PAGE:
The WEYV app | Sponsor

The results: I’ve been introduced to some very interesting Japanese Vocaloid, and she is now versed in early 90’s hip hop and rap.

Honestly, I can’t say I’ve been a fan of everything; and I’m pretty sure she’s been a fan of nothing. Ha! But, it’s definitely opened up some new lines of communication with topics besides, “so, how is math going?”

WEYV will be adding ebooks, video, and podcasts soon, which we both love, so we’ll have even more ways to connect with each other.

Besides, it’s definitely worth signing up now since WEYV is offering a 2-month free trial for your family (details below). Do it, and you’ll get all of your own favorite music and magazines free to enjoy and share with your own teens and older kids.

4. Use your car time together for more than zoning out.

When we hop in the car, my daughter’s first inclination is to put her earbuds in and zone out. To be honest, I respect that. In fact, I’m pretty jealous.

But lately, I’ve been thinking of interesting conversation starters, none of which have to do with her schoolwork or social life, to try to engage her in meaningful conversation and keep the earbuds out a little longer.

My approach has been to start talking about a specific topic I know she’s interested in, then share my opinion. Like “You cannot believe what I heard on NPR today!”

It works, too! Nine times out of ten I can hook her, especially if the subject has to do with politics, diversity, or gender rights, three topics she’s pretty passionate about. But whatever your kid is interested in — gaming, sports, art, makeup tutorials on YouTube — it really doesn’t matter. Just remember that that car ride to the supermarket or hockey practice is an outstanding time to connect.

5. Two words: Binge watching.

7 simple ways to connect with your older kids: Bingewatching!

Are we watching a tiny impala get chased by a leopard? Or two fabulous drag queens lip syncing for their life?
You decide…

I’m a pretty heavy binge watcher (isn’t everyone these days?) and so I’ve made it one of our official evening pastimes together.

There’s an hour or so after my younger kids go to bed, and that’s when Quinlan and I curl up under a blanket on the couch, kick back, and flip on a favorite show. We tend to have pretty different taste in television; she loves documentaries while I prefer funny sitcoms. So, we have decided to alternate between them, until we make it through all of the shows on our list.

The huge bonus here: couch snuggles, which, if you have tweens or teens, you know are probably rarer than they used to be when your kids were little. (Sniff.)

Currently on our watchlist: Ru Paul’s Drag Race and Blue Planet II, both of which happen to be my daughter’s choice. And both of which I happen to enjoy too. Win!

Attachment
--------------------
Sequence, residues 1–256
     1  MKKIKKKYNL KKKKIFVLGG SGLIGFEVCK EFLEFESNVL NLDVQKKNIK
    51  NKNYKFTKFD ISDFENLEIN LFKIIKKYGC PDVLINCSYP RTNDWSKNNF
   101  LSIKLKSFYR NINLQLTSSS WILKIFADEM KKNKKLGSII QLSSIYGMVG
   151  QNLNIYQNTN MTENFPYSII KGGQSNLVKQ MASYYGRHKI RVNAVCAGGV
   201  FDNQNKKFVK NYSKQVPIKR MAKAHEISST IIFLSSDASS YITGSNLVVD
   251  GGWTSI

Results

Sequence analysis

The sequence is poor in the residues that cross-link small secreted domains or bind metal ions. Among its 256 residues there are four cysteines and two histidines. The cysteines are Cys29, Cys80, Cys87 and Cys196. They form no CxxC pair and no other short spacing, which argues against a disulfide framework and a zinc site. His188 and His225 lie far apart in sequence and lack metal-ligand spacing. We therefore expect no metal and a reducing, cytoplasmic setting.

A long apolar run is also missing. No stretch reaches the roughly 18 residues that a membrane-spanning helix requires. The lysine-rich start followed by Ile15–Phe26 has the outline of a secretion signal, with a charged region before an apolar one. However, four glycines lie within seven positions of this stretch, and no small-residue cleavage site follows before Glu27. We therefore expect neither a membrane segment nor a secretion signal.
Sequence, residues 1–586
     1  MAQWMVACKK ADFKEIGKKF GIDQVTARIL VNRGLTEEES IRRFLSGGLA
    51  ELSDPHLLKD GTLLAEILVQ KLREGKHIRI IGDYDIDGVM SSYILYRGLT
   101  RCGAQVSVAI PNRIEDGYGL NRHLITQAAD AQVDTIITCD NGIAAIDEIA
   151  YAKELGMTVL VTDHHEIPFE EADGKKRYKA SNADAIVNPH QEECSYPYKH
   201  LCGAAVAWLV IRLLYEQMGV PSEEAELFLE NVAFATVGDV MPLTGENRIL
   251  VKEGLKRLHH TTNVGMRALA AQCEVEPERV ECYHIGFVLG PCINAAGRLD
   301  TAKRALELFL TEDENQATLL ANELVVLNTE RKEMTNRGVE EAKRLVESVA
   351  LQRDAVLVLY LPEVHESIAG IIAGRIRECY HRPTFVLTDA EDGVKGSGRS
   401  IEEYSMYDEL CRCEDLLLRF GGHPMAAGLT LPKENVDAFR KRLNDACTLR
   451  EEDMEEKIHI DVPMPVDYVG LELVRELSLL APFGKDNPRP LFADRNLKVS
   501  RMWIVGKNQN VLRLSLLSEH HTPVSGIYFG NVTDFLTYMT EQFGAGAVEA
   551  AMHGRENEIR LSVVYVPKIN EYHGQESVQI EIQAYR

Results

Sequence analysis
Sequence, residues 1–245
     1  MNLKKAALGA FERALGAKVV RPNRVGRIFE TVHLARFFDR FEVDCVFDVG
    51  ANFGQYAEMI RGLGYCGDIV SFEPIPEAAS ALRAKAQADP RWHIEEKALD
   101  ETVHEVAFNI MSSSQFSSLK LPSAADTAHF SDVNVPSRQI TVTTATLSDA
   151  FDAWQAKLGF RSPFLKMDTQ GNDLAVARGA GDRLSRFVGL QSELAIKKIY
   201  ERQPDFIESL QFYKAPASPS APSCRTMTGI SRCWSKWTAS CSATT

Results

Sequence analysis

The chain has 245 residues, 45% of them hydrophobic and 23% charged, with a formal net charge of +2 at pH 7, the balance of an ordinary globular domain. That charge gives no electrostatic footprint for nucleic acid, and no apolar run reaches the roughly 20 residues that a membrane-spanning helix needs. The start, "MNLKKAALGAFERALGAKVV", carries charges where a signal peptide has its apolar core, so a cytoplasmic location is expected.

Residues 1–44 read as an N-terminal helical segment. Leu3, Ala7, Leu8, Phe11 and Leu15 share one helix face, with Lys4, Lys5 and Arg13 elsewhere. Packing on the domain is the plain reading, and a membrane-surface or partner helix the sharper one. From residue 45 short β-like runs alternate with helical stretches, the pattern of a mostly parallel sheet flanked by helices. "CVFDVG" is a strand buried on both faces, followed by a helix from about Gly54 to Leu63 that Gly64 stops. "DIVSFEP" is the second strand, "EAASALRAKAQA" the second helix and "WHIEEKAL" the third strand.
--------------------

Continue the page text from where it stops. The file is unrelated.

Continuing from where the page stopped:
6. Start a parent/kid book club. Or try newspapers or magazines.

A couple of years ago, Quinlan and I decided to challenge ourselves to read more, so we started an informal book club of sorts, and it’s been going ever since. This is how I got through all the Hunger Games and Divergent books, which of course led to hours of terrific discussion between us about plot lines, favorite characters, and more.

We’ve also been enjoying magazines on the WEYV app, and am really looking forward to the date (soon! Soon!) that they add ebooks so we can continue our book club digitally — mostly because it’ll save me some cash on books. Beside, you always have a book around when when it’s on your phone digitally.

Until then, we’ve been creating magazine article reading lists for each other, which is especially terrific when you’ve got a busy teen (and busy you!) who can be short on time.

7. Ask them for help.

Like plenty of teens, my daughter loves to share her opinion about pretty much everything, and I love that about her. So a friend with older teens (thanks, Lisa!) suggested I start asking her for her thoughts on something, or requesting her help with a task that I can’t seem to figure out — and turns out it’s really been a genius way for us connect.

Whether it’s setting up playlists and stations on the WEYV app (seriously, Quinlan is so quick with that stuff), or just getting her input on my outfit in the morning, it’s a fabulous opportunity to help engage your teen in a meaningful interaction.

When you do this, your kid is not just helping you, they’re helping themselves by learning responsibility, empathy, and compassion.

They’re also learning that their opinions and ideas matter to you, and that’s just so important.

Now I can’t say my daughter comes running when I need help with the dishes, if we’re going to be honest here, so I’ve gotten clever about exactly when I ask her for help. In fact if you feel like you’re always asking (or begging or cajoling or nagging) your teen to help you with chores, that’s a quick way to disconnect from them. And we’re kind of going for the opposite here, right?

So get creative! You’ve got this.

Thanks to our sponsor WEYV for creating a cool app that’s bringing families together through music and magazines, and soon ebooks, podcasts, and videos. Give it a try with your family (and teen). Download the app then sign up for an account. (It’s easy!)

Be sure to use the code COOLMOMPICKS to get two months completely free; no credit card needed.